DOE publishes final Process Rule; additional comments requested by March 16

On Feb. 14, the U.S. Department of Energy (DOE) published the final version of its Process Rule that establishes the requirements DOE must follow when setting energy-efficiency standards under the Energy Policy and Conservation Act (EPCA).

During a Jan. 29 conference call NAFEM held for members, two members of NAFEM’s legal team, Jeff Longsworth and Tammy Helminski, Barnes & Thornburg, summarized the contents of the pre-publication Process Rule and encouraged members to note a Supplemental Notice of Proposed Rulemaking that addresses one of the questions NAFEM raised in its prior comments that DOE has yet to resolve. (See “EPCA requirements” item below.)

“The association and its members have been working very hard for the past five years to get where we are today,” Longsworth noted. “Many of the revisions outlined in the new Rule stem back, in part, to some of the issues NAFEM raised in its commercial refrigeration equipment litigation in 2014 and were reiterated and expanded upon during a regulatory roundtable meeting NAFEM arranged with DOE legal counsel in 2017.”

Here is a summary of the key points in the new Process Rule. Following publication, DOE should begin the process to propose test procedures for automatic commercial icemakers, commercial refrigeration equipment and walk-in coolers/walk-in freezers. After DOE finalizes test procedures, the agency will then propose new energy-efficiency standards for these same classes of equipment.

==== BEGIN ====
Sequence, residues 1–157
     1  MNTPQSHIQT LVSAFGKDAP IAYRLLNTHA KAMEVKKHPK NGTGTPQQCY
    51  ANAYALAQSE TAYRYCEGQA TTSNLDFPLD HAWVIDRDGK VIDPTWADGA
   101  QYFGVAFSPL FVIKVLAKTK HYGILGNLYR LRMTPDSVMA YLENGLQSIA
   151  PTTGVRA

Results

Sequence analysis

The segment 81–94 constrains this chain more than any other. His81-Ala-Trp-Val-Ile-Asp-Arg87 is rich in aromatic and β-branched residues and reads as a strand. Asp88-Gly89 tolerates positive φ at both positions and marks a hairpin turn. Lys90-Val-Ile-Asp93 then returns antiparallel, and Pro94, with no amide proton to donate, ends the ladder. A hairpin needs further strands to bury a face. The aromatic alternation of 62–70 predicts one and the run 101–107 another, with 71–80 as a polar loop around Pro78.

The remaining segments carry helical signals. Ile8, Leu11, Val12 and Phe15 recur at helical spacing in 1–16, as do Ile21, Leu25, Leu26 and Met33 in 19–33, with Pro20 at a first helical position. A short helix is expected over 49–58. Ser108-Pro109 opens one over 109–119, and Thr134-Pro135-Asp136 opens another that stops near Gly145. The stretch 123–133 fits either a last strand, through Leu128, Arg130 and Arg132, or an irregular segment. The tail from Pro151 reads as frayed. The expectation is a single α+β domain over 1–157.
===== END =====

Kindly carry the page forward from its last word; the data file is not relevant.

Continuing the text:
EPCA requirements detailed; request for member comments forthcomingThrough discussion and formal comments, NAFEM stressed the need to follow EPCA requirements that a new or amended standard is needed only if it results in significant energy conservation that is technologically feasible and cost effective. In response, DOE issued a Supplemental Notice of Proposed Rulemaking to consider changing from its current “walk down” approach to a comparative analysis.

In the ‘walk down’ approach, DOE only looks at whether the costs outweigh the benefits for a given set of technologies, starting with the most-stringent level that is technologically feasible. Instead, DOE proposed a new approach that compares the costs and benefits between different sets of technologies. DOE believes this approach will better address whether a new standard is economically justified.

The comment period for the new approach, outlined in the proposed rulemaking, ends March 16. To contribute to NAFEM’s comments, contact Charlie Souhrada.